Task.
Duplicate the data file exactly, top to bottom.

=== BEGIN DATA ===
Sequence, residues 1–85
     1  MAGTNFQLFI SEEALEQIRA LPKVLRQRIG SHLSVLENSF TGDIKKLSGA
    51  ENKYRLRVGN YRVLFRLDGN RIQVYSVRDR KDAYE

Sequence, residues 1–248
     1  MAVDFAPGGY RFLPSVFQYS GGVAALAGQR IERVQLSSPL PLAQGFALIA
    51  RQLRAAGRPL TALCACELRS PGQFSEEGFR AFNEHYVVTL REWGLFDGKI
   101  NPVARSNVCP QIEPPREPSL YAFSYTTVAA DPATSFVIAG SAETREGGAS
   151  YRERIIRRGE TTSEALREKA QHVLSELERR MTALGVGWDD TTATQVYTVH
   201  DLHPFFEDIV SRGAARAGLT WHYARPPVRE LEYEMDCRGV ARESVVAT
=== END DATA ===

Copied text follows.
Sequence, residues 1–85
     1  MAGTNFQLFI SEEALEQIRA LPKVLRQRIG SHLSVLENSF TGDIKKLSGA
    51  ENKYRLRVGN YRVLFRLDGN RIQVYSVRDR KDAYE

Sequence, residues 1–248
     1  MAVDFAPGGY RFLPSVFQYS GGVAALAGQR IERVQLSSPL PLAQGFALIA
    51  RQLRAAGRPL TALCACELRS PGQFSEEGFR AFNEHYVVTL REWGLFDGKI
   101  NPVARSNVCP QIEPPREPSL YAFSYTTVAA DPATSFVIAG SAETREGGAS
   151  YRERIIRRGE TTSEALREKA QHVLSELERR MTALGVGWDD TTATQVYTVH
   201  DLHPFFEDIV SRGAARAGLT WHYARPPVRE LEYEMDCRGV ARESVVAT